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Imagine this episode of the TV show Newsroom. It’s 2 p.m. and a dozen armed men, some wearing black balaclavas, others just covering their faces with surgical masks, enter the TV network’s headquarters and calmly walk up the stairs. They enter the newsroom and hand the news director a printed letter saying the network is now controlled by forces loyal to a foreign government. The reporters lock themselves in a few rooms at the back of the newsroom and continue to work, while gunmen relax in chairs in the hallways. The police come, but do nothing. The network calls government officials, but they, too, are powerless to respond. It would be a fantastic episode that could only unfold in a nation where any semblance of law and order was lost. But this is no work of fiction. It’s exactly what happened Thursday here in the city of Donetsk, in eastern Ukraine.
A prominent TV station was taken over by pro-Russian militiamen. When we arrived there, about an hour later, the armed men looked amazingly calm. One of them was playing a video game on his cellphone as he guarded the door to the newsroom. They didn’t even try to stop us from filming inside the station. They refused to talk to us at all.
We walked right past them and into the office of news director Yuriy Sugak. On his desk was the letter, informing him he’d been replaced by a man he’d never heard of.
“Based on a military situation,” the letter read, “and considering the recommendation of the committee of television and radio, the council of deputies of the Donetsk People's Republic decided to take over control and editorial policies of TV company Donbass from today until further notice. The authority for this action lies with Rizhkov A.A., who is the authorized representative of the committee of television and radio.”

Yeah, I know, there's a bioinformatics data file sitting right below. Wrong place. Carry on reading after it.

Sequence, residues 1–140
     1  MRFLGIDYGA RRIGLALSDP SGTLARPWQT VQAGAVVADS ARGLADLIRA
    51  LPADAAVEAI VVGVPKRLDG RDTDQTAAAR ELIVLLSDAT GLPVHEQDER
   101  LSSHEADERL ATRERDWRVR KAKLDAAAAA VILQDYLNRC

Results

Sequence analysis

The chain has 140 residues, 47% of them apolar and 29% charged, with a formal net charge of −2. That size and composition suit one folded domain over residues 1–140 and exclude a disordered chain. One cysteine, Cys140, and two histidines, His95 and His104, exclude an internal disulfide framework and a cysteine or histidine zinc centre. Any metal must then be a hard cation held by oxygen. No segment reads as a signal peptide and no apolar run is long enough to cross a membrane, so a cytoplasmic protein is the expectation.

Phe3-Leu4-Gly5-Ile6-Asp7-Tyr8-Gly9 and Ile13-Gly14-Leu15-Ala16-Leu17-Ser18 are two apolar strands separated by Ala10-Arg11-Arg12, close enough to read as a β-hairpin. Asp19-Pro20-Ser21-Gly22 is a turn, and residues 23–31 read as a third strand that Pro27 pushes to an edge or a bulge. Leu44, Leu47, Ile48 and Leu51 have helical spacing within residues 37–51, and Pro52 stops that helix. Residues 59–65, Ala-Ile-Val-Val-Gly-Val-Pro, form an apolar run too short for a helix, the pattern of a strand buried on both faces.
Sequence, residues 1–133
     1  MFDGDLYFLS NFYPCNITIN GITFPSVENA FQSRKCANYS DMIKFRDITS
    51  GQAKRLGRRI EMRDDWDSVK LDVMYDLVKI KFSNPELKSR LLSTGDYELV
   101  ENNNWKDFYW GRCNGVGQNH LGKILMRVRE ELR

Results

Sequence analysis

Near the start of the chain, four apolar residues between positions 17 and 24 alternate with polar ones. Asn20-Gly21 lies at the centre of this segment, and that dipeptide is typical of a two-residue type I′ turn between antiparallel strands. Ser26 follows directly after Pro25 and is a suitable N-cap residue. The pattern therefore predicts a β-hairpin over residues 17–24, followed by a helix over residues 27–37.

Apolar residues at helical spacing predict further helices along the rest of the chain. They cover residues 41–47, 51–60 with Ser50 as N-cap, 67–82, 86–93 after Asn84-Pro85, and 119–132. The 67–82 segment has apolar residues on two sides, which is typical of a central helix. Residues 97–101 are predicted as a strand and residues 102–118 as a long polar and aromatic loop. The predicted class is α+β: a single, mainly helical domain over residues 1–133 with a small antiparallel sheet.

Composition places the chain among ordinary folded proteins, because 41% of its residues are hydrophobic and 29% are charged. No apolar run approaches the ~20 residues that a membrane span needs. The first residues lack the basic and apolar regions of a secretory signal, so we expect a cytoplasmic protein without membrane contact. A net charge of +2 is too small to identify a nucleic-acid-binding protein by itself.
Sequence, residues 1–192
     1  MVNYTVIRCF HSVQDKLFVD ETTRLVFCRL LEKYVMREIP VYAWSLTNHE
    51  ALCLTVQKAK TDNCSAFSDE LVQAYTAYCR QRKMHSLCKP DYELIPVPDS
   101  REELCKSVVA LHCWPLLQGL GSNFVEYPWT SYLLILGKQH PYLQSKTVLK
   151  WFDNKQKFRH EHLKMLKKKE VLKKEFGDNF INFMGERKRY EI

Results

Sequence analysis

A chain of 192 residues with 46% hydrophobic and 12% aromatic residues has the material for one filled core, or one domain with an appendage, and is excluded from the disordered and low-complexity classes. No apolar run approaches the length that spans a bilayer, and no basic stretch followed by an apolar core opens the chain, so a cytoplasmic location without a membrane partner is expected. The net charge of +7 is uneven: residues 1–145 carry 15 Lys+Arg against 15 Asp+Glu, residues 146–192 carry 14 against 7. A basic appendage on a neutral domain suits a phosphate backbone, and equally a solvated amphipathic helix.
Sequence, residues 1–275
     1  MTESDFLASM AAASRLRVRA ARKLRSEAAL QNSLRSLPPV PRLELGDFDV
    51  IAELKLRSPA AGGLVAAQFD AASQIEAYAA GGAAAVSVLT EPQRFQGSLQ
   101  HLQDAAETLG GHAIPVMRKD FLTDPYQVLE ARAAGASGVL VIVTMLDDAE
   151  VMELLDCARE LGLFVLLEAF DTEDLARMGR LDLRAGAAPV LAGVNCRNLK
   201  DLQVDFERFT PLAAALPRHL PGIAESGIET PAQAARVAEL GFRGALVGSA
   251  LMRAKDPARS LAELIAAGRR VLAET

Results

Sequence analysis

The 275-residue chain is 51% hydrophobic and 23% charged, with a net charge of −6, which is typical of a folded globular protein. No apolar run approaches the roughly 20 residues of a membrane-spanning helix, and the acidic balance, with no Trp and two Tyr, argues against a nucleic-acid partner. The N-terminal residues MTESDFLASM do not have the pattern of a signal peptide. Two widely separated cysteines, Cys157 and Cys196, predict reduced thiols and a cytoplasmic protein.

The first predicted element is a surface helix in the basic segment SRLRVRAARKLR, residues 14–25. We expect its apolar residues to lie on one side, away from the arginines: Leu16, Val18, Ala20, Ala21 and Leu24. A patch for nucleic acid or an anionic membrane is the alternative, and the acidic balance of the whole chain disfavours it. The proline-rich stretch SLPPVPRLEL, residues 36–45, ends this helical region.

The letter was signed by “the head of the council of Donetsk People's Republic Makovich V.E.”
The Donetsk People's Republic is the self-declared pro-Russian government that wants to break away from Ukraine.
News director Sugak didn’t know what to do. He kept the staff working, pretending nothing was going on in the rest of the building. But what might happen when they left the newsroom to go home? Would they be arrested by the militiaman and never seen again? Would they be allowed to leave and not return the next morning? Should they pack their desks? The team had no idea. The building had been guarded by police officers, but they put up no resistance when the armed men walked in. They didn’t leave the building either. They just sat in their chairs and looked on, knowing, presumably, that if they drew their own weapons, they’d be starting a fight they’d likely lose. The militias have proven to be effective fighters and many Ukrainians believe they are directed by Russia.
Thursday, we watched one further step in the slow takeover of Eastern Ukraine. Other buildings in other cities have fallen in much the same way. The Ukrainian military is fighting back. It launches frequent “counter-terrorism” operations to drive out the pro-Russian militias, but these have had mixed results. Ukraine is gradually losing control of its East, one building - and one TV station - at a time.